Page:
Suspended sediment plays a critical role in riverine ecosystem health and river processes and is respondent to human alterations such as dams and increased land use. Gavins Point Dam, located on the Missouri River near Yankton, South Dakota, restricts upstream suspended load; yet, suspended sediment concentrations (SSC) increase when the river reaches Sioux City, Iowa. We determined the suspended load concentrations of seven tributaries of the Missouri River entering downstream of the dam. These data were collected from 2012 to 2019 during the summer months of May–July using a depth‐integrated sampler. Sediment rating curves were created based on discharge and SSC. We constructed a simple sediment budget, which indicated that the tributaries located in South Dakota contribute the bulk of the Missouri River's suspended load at ~80%, while the Nebraska tributaries contribute <5%. The remaining sediment is likely supplied by bank and bed erosion. Temporal changes were examined by comparing our recent measurements with historical data from USGS gaging stations on the James River and the Big Sioux River. Suspended sediment and discharge have increased by nearly an order of magnitude, potentially due to increases in precipitation and land use. Sediment budgets are useful resources for informing river management plans on a basin‐wide scale. Given the drastic, long‐term impacts of disruptions to sediment and flow regimes from dams and climate change, this research provides necessary groundwork for remediation efforts and river management.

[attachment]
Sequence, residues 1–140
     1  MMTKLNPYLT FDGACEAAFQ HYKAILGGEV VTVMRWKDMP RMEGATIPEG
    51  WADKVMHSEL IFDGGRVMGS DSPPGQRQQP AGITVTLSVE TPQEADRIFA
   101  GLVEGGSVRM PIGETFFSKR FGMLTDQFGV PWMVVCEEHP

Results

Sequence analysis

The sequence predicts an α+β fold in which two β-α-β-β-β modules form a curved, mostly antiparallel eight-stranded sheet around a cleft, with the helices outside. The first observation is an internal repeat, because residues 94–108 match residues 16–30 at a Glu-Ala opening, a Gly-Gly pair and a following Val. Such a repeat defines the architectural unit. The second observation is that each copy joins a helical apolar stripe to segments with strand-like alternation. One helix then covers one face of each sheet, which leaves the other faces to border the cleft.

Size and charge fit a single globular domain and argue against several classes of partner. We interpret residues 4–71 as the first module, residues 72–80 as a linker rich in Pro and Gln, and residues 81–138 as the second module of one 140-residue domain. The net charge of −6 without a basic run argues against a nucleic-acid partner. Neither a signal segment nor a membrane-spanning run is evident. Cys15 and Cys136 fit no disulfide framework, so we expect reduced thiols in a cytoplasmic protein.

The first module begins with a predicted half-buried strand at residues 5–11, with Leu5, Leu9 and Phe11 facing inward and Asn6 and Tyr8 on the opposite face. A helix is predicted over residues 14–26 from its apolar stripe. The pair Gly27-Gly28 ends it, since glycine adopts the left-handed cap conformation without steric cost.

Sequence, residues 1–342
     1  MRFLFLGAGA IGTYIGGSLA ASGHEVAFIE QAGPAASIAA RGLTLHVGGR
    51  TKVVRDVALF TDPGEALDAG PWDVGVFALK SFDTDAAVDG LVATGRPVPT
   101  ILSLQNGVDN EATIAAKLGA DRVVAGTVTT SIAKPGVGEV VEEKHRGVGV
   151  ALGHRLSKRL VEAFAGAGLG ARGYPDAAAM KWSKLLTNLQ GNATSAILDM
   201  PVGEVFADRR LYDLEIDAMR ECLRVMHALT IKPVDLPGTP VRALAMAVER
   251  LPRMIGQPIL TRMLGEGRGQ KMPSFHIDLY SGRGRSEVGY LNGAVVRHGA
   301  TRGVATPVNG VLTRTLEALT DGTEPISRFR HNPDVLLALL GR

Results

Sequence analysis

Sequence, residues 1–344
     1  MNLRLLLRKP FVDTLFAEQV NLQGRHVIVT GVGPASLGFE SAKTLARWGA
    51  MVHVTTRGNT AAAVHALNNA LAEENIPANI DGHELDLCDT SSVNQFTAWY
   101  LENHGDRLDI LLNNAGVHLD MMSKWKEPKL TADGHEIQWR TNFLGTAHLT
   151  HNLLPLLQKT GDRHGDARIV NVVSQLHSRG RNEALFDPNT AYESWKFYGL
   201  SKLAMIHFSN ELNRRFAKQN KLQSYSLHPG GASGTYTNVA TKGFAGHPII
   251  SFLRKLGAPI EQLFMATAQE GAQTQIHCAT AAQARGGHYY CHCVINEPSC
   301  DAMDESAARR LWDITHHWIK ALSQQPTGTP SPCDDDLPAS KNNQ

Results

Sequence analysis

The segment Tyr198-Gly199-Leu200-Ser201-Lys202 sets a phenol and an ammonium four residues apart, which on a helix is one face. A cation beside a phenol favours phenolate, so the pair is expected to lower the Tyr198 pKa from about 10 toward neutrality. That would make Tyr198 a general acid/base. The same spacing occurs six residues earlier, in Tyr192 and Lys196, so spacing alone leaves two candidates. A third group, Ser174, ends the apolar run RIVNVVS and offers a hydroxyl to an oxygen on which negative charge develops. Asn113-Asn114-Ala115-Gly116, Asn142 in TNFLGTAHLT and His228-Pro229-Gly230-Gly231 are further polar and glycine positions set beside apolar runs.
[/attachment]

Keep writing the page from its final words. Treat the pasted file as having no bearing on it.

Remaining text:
This study applies an indicators framework to investigate climate drivers of tundra vegetation trends and variability over the 1982–2019 period. Previously known indicators relevant for tundra productivity (summer warmth index (SWI), coastal spring sea-ice (SI) area, coastal summer open-water (OW)) and three additional indicators (continentality, summer precipitation, and the Arctic Dipole (AD): second mode of sea level pressure variability) are analyzed with maximum annual Normalized Difference Vegetation Index (MaxNDVI) and the sum of summer bi-weekly (time-integrated) NDVI (TI-NDVI) from the Advanced Very High Resolution Radiometer time-series. Climatological mean, trends, and correlations between variables are presented. Changes in SI continue to drive variations in the other indicators. As spring SI has decreased, summer OW, summer warmth, MaxNDVI, and TI-NDVI have increased. However, the initial very strong upward trends in previous studies for MaxNDVI and TI-NDVI are weakening and becoming spatially and temporally more variable as the ice retreats from the coastal areas. TI-NDVI has declined over the last decade particularly over High Arctic regions and southwest Alaska. The continentality index (CI) (maximum minus minimum monthly temperatures) is decreasing across the tundra, more so over North America than Eurasia. The relationship has weakened between SI and SWI and TI-NDVI, as the maritime influence of OW has increased along with total precipitation. The winter AD is correlated in Eurasia with spring SI, summer OW, MaxNDVI, TI-NDVI, the CI and total summer precipitation. This winter connection to tundra emphasizes the role of SI in driving the summer indicators. The winter (DJF) AD drives SI variations which in turn shape summer OW, the atmospheric SWI and NDVI anomalies. The winter and spring indicators represent potential predictors of tundra vegetation productivity a season or two in advance of the growing season.